Foreign intervention in Somalia?
The rapid rise of Somalia's Islamist militias has prompted a flurry of diplomatic efforts to stabilize the troubled country in the Horn of Africa.
Earlier this week, the African Union and Western diplomats decided to send officials to Somalia to assess the possibility of deploying a peacekeeping force to a country ripped apart by 15 years of anarchy. That has the backing of President Abdullahi Yusuf, head of Somalia's virtually impotent transitional government, who flew to Ethiopia Tuesday to demand speedy intervention.
Regional powers support intervention out of fear of an Islamic state on their doorsteps, while Western governments are worried the country could become a haven for terrorists.
But rather than promote stability, the move could inflame feelings in the newly dominant Islamic courts movement, which has everything to lose by foreign intervention.
Its leaders say there is no need to invite peacekeepers when Islamist militias have succeeded in pacifying Mogadishu, one of the most dangerous cities on the planet.
"Any sort of AU intervention – which would most likely be a cover for Ethiopian intervention – is most likely to be highly divisive and is likely to derail any attempt at peaceful negotiation between the government and the courts," says Sulieman Baldo, Africa program director of the Brussels-based International Crisis Group. "The [Islamist] courts will be very hostile to any sort of Ethiopian intervention in Somalia."
Ethiopian troops have previously supported President Yusuf in his home state of Puntland where he held off an Islamist challenge during the 1990s. Somalia's neighbor is also thought to have designs on its land.
For the past two weeks, Sheikh Sharif Ahmed, who heads the Islamic Courts Union, has insisted to the watching world that his network of sharia courts – which has imposed strict Islamic law, shut down cinemas, and banned people from celebrating New Year's – has no links to Al Qaeda and has no plans to turn Somalia into an Islamic state.
But at the same time, his militias have swept out of Mogadishu conquering a huge swath of Somalia, imposing sharia law on the strategic town of Jowhar and traveling almost up to the border with Ethiopia.
The courts are the closest thing to a central government the country has seen since President Siad Barre fled in 1991. After his departure, Somalia gradually split into a series of personal fiefdoms administered by a motley combination of gangsters and thugs known as warlords.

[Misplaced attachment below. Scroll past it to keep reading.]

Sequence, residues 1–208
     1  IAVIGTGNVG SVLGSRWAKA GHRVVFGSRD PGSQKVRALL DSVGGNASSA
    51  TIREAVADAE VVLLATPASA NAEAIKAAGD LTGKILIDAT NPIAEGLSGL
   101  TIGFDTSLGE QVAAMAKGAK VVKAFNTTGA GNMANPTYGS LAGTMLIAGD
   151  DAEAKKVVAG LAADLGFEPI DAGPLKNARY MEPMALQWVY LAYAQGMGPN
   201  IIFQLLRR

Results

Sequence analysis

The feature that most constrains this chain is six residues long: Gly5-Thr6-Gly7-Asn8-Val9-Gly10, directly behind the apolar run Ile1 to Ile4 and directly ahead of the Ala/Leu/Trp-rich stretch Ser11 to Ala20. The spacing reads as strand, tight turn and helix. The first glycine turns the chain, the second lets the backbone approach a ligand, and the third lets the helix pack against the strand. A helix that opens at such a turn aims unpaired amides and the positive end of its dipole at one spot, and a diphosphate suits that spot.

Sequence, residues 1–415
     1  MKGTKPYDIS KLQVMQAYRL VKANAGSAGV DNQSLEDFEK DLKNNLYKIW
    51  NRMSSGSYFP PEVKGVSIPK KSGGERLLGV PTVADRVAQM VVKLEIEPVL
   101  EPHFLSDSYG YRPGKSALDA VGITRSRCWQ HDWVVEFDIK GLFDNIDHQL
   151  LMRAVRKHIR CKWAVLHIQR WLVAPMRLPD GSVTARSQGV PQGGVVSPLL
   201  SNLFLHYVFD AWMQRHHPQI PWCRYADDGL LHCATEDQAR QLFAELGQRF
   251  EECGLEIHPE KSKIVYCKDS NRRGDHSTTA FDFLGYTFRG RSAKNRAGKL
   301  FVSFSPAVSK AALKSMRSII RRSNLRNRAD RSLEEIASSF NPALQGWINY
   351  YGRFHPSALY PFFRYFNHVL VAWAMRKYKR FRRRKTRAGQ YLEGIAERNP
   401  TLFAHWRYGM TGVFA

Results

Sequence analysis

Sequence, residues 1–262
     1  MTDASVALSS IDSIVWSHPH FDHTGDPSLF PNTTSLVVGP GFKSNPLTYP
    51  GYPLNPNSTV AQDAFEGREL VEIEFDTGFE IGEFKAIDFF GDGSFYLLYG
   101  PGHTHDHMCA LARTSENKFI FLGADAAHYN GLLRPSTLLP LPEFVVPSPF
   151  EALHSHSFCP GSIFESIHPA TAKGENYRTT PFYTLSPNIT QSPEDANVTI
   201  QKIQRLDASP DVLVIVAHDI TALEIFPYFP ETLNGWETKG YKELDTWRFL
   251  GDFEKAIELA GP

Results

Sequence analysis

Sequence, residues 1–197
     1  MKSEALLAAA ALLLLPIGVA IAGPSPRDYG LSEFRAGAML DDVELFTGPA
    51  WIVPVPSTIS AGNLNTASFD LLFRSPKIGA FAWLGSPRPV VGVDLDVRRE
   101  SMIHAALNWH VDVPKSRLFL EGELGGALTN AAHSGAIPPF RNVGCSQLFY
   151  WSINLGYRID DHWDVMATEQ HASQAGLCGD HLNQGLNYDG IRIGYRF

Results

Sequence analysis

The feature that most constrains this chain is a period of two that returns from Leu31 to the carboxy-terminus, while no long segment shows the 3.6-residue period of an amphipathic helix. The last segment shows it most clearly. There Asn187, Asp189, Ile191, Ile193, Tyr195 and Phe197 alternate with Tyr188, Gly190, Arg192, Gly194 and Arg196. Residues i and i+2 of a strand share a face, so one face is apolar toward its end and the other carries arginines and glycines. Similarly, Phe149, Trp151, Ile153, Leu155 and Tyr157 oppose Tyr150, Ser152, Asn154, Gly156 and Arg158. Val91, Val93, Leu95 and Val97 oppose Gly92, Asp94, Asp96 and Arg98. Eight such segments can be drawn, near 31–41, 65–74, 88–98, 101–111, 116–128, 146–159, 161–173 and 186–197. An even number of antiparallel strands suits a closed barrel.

But the rise of the Islamic courts and their militias has ousted the warlords from Mogadishu, where they were allegedly receiving cash from the United States to prevent Al Qaeda from making inroads.
Militias loyal to Sheikh Ahmed are now positioned about 40 miles from the town of Baidoa, where the country's transitional government has sat for four months since being formed in neighboring Kenya.
Earlier this month, its parliament voted to endorse Yusuf's call for peacekeepers to guarantee the survival of the government.
That vote was quickly followed by accusations from the Islamic courts that Ethiopia had sent 300 soldiers across the border to bolster its ally, Yusuf. The charges are denied by Ethiopia, although it is well known that small numbers of Ethiopian troops regularly criss-cross the border as part of its own defenses.
For now, the presence of peacekeepers would also violate an arms embargo imposed by the United Nations on all sides.
Lifting it, says Lt. Col. Harjit Kelley, a consultant to the United Nations Monitoring Group on Somalia, would risk enflaming an already volatile situation by legalizing the flow of guns and ammunition into the country.
He adds that the Islamic courts had strong backing from people living in towns under their control, and that the government, which has the support of much of the international community, has no option but to open a dialogue.
However, Yusuf has previously ruled out talks with the Islamic courts' leadership unless they meet three conditions: withdraw their militias to Mogadishu, recognize his government, and disarm.
Colonel Kelley doubts the Islamists will agree to those conditions, and says Yusuf has next to no leverage over the courts.
"The Islamic courts have the infrastructure, the command and control, that has [allowed them to] take the capital and other towns and then, more important, to hold on to them, so they are a big threat to the TFG," says Kelley.
"The TFG's best chance is to offer them commanding positions – with some real responsibility – in the government."
For now, there is peace in Mogadishu, but no one doubts that much work remains to rebuild the failed state.
Earlier this week, the United Nations' World Food Programme and UNICEF warned that the recent fighting and years of drought had pushed Somalis to their limit, creating the highest rates of malnutrition seen in years.
Mahamud Hassan Ali, the mayor of Mogadishu, says the West had already intervened in his city, funding the warlords and exacerbating the conflict.
Now, he says, it is time for the outside world to help rebuild it.
"My appeal is that the taxes of the world are no longer used for destruction, but instead used to make a difference to the lives of our people."